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St. Ignatius College Preparatory, San Francisco
  • Rethinking Africa: The staff of the African Advocacy Network includes Joe Sciarrillo, pictured here with Jean Elias Xavier, Director Aboudou Traore, Charles Jackson and Clementine Ntshaykolo outside their office in the Dolores Street Community Services building. They help a growing number of African immigrants to the Bay Area who may number as many as 50,000.
  • Retiring Pillars: SI’s faculty surprised Fr. Sauer in May with applause and flowers after the announcement of his reassignment.
  • The SI boys’ lacrosse team enjoyed what may have been best year since its founding nearly a quarter century ago. The lacrosse press ranked the team among the top 15 in the nation as SI turned in another undefeated season in league play – its fourth undefeated season since it joined the WCAL in 2010.
  • Richard Driscoll ’06, a performance engineer for Oracle Team USA that will defend the America’s Cup in September, is among the few locals hunkering down in Pier 80 off Marin Street, where they work 65-hour weeks to make sure that Ellison’s boat sails twice as fast as the wind and maneuvers with precision and power as it takes on challengers from around the world.
  • Retiring Pillars: Since the 1970s, Mary McCarty made sure Latin was a living language for students in her classes.
  • Rethinking Africa: Ira Shaughnessy ’00 spent two years in Ghana from 2007 to 2009 working with the Bormase helping with the cultivation of the Moringa tree, whose leaves are rich in vitamins.



SI Renaissance

Nate Nickolai '15 and Ella Presher '14
Managing Editors

Following the collapse of the Western Roman Empire, Europe entered a period of cultural and economic downfall, appropriately named “The Dark Ages.” Death was prevalent, education was limited, and life was hard.  However, a wave of new thinking, new ideas, and new interest in the arts began to spread from Italy across Europe in the 14th century.  The Renaissance, or "rebirth," as we know it today, encouraged a return to traditional roots of Ancient Latin and Greek values and philosophies, but with a twist. Traditional ideas were renovated as artists, scientists, and philosophers blended the old with the new, giving rise to many of the world's best works of art, architecture, and literature as well as progressive scientific breakthroughs.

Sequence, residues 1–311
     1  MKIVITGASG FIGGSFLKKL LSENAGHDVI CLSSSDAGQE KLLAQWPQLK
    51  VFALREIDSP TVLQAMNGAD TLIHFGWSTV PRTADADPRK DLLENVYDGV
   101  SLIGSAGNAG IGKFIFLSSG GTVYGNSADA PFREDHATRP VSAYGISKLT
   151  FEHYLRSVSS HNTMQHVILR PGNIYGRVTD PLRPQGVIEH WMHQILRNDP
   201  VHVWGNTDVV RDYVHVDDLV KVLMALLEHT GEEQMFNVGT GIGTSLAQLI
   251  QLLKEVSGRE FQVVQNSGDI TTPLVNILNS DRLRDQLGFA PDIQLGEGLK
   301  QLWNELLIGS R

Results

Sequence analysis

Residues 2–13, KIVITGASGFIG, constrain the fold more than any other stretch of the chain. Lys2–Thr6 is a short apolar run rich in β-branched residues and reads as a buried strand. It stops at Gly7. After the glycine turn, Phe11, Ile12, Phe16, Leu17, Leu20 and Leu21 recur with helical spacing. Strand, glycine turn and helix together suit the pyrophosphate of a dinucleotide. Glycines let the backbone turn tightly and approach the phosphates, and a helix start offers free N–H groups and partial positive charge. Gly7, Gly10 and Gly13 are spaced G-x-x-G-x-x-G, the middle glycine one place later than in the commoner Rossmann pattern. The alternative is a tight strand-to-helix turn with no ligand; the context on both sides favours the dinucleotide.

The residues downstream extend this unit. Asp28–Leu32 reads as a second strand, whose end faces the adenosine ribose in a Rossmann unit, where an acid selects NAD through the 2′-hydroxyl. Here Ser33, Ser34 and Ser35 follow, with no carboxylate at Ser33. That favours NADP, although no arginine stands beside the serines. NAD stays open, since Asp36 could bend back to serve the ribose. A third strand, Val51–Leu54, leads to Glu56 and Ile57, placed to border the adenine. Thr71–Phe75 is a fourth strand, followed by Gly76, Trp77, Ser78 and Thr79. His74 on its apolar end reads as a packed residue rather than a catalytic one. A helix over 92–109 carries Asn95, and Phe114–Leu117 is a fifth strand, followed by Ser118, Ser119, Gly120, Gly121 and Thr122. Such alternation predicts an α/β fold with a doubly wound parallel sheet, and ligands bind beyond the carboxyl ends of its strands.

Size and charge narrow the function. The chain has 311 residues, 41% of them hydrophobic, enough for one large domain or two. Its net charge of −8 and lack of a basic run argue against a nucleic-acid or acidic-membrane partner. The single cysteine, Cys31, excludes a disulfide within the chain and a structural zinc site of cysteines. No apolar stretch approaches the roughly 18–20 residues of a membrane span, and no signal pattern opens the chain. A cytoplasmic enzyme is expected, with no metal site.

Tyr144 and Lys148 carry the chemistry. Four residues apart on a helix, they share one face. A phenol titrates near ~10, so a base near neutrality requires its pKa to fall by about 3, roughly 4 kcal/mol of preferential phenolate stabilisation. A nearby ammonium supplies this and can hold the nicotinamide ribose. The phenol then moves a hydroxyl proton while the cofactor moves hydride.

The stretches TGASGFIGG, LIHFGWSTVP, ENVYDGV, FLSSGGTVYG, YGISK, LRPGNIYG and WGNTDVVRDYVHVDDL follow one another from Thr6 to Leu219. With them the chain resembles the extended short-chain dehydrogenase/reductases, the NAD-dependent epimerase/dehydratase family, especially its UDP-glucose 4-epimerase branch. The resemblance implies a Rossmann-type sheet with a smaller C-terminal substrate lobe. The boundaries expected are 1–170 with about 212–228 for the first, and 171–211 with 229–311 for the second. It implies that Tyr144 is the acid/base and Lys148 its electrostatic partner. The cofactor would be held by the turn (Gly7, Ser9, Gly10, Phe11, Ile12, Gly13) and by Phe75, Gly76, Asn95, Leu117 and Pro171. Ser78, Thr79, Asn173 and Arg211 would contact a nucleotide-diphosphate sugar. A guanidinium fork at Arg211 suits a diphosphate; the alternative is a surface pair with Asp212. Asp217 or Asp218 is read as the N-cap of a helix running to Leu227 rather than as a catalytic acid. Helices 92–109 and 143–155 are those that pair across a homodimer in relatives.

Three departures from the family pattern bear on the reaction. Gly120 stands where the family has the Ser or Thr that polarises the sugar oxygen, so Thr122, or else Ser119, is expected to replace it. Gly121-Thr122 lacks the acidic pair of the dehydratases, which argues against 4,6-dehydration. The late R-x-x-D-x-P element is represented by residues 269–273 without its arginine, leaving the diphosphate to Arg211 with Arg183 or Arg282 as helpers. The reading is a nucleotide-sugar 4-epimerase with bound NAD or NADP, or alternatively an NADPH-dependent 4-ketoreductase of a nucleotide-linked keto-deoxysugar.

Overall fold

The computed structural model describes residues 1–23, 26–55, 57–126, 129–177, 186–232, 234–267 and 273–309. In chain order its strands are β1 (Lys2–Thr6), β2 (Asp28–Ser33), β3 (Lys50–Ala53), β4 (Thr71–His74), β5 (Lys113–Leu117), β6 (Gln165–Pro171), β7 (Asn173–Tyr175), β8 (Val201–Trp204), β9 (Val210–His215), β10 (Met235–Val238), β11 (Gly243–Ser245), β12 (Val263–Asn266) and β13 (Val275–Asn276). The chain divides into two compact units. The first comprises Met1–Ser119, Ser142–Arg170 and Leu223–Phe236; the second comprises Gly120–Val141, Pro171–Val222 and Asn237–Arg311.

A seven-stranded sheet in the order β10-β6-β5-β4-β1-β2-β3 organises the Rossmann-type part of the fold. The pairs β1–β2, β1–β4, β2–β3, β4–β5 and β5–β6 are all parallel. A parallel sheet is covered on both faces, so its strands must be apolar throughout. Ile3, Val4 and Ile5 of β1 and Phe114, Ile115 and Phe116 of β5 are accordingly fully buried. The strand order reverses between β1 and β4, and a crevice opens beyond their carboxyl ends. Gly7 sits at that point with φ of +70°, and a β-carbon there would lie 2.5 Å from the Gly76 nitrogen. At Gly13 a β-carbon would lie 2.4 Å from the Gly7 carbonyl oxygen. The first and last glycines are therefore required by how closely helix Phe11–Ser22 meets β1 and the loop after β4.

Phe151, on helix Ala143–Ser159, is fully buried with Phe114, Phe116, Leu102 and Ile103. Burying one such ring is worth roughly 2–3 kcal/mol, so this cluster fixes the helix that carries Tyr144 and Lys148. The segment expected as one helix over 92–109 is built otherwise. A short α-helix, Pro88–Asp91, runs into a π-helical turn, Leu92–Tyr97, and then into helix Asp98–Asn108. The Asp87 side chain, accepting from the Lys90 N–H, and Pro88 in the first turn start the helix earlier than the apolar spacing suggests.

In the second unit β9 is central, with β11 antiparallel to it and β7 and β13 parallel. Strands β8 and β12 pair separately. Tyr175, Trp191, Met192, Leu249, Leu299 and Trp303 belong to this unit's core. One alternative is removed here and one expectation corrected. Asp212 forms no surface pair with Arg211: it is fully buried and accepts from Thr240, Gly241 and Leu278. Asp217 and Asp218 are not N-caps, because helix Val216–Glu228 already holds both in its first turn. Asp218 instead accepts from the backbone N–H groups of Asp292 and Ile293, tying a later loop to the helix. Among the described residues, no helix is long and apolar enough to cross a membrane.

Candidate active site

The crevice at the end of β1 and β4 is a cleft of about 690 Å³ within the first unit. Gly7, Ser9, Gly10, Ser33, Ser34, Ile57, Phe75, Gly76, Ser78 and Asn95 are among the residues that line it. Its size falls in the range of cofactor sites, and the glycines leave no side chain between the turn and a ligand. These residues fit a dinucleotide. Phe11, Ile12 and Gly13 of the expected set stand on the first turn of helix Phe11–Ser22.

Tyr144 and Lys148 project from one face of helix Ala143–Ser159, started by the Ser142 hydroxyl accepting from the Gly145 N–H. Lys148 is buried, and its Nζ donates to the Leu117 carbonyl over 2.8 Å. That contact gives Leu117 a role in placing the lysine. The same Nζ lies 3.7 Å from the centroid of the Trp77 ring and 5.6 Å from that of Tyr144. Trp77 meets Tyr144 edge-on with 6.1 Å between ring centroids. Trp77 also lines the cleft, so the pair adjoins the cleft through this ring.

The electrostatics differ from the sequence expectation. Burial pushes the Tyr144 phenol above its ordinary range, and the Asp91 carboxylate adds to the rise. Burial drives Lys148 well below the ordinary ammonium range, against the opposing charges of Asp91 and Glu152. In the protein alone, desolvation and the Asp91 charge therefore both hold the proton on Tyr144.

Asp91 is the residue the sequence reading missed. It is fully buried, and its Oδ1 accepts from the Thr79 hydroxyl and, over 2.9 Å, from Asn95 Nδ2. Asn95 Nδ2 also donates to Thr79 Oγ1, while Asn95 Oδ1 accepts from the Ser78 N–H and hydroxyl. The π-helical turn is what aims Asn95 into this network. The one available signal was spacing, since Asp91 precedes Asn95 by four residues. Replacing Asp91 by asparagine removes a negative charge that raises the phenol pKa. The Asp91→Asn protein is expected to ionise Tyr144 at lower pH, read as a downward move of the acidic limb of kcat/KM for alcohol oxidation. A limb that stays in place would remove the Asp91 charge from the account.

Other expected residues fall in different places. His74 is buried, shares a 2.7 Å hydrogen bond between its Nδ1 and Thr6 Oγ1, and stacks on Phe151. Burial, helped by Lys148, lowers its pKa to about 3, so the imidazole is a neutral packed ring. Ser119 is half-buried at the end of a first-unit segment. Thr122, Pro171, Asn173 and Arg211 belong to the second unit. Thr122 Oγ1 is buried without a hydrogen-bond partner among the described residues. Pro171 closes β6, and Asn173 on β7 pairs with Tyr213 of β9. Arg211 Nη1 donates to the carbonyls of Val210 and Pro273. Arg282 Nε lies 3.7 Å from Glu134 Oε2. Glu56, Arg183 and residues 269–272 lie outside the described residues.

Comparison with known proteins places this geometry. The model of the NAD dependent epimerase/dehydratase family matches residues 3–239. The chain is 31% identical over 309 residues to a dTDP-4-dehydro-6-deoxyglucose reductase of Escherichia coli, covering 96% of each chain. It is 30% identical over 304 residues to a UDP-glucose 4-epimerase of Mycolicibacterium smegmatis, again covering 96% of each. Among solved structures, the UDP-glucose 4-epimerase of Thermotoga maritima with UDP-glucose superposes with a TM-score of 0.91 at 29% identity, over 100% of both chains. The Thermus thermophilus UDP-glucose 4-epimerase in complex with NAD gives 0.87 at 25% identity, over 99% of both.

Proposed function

SI has emerged into its own "Renaissance," entering an era of light and change. Just as the Renaissance drew from Greek and Latin tradition, SI will always return to the values found at its roots of Ignatian tradition. In an act of "rebirth," we have revised our mission statement to better reflect our tradition in the context of a changing world. What does being "men and women with and for others" mean to us today? How does striving for the Magis enrich our daily lives? As we journey through this year, we will discover new answers to these questions as well as new questions to wonder about. Open to growth, we will express our wonder and thirst through great works. Inspiration is everywhere in the halls of SI; just take a look at one of the walls.

The Renaissance Man appears in our ideology as we become well-rounded in athletics, arts, spirituality, academics, service, and leadership. Renaissance men and women are all around us, in the teachers we learn from as well as our fellow classmates. Back in the 1400’s, Ignatius embraced the new technology of the printing press to get his word out.  Today, SI’s students embrace the new technology of the iPads, which innovate each curriculum differently every day.  In our Latin program, the roots of Ancient Rome and Greece are kept alive through a strong community of high schools across the nation. Furthermore, looking beyond the halls of our esteemed high school, Renaissance ideas remain a large part of the modern world.

Posted by on Monday September, 16, 2013


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